maybe I need to go install win 10 ARM onto my old 950 to while away the time ?


  34. MikeGalos

    So an unsubstantiated rumor says another unsubstantiated rumor of about an unannounced ship date of an unacknowledged device may not be true.


    And a tech site that has been averaging one feature article published per month complete with a dedicated article keyword tag on the rumored yet unacknowledged and unannounced and unconfirmed device mocks other sites that have "unnecessarily hyped" the unacknowledged device.


    Got it.

    • F4IL

      In reply to MikeGalos:

      MJF is not the average tech reporter that tries to circulate unsubstantiated rumors.

      • MikeGalos

        In reply to F4IL:

        I have great respect for MJ and, in fact, we have known each other for many years but this IS an unsubstantiated rumor about an unannounced rumored device. Even if Walter "the most trusted man in America" Cronkite had said it that wouldn't change that fact.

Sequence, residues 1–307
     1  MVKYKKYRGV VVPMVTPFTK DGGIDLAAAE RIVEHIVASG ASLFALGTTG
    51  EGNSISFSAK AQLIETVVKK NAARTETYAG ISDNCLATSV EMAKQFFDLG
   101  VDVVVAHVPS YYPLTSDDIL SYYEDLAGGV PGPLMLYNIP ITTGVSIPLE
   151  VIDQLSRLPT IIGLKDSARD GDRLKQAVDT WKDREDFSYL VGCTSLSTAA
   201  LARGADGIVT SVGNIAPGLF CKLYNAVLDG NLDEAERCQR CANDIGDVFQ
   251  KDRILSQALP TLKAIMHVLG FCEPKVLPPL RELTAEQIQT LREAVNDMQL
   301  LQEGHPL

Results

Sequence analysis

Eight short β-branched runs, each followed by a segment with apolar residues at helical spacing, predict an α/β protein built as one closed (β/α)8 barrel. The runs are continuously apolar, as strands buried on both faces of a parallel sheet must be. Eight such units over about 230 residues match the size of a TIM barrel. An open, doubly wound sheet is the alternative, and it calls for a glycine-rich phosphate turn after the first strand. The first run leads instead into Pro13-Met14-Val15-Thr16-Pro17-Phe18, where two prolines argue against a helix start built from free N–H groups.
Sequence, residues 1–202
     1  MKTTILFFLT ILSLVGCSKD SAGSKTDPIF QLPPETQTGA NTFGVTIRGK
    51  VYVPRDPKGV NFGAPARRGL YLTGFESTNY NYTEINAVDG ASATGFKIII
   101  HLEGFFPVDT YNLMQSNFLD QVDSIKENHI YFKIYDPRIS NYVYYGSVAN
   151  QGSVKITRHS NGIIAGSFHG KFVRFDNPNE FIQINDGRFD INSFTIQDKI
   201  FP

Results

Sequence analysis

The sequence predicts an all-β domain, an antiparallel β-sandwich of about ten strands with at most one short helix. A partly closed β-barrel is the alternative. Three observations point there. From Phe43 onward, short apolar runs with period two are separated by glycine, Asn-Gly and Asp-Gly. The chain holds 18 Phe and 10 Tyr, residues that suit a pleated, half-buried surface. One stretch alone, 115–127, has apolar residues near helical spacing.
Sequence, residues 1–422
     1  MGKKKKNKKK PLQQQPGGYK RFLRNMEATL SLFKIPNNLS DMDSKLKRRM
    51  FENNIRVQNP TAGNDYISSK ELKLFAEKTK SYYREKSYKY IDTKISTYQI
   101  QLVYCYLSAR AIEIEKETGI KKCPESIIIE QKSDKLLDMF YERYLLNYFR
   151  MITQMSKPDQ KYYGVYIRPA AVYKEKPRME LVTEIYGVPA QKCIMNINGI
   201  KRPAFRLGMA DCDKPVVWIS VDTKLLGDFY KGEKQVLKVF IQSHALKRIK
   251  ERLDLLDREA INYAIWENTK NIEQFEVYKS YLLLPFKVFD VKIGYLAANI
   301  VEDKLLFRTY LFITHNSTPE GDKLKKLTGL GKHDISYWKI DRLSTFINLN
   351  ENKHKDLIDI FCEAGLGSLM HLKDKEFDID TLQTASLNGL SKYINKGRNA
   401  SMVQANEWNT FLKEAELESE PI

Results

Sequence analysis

Nor would it change the ironically amusing complaint about sites hyping "Andromeda" in a feature story that is tagged with the site's long-running "Andromeda" tag.

        • F4IL

          In reply to MikeGalos:

          I completely agree with you on your second point but have to disagree on the 1st. There is no evidence to support that the rumored device isn't in the works either.

          I guess we'll have to wait and see.

          • MikeGalos

            In reply to F4IL:

            You've got your requirement of proof backwards.


            If Microsoft didn't announce it then it's unannounced. They didn't.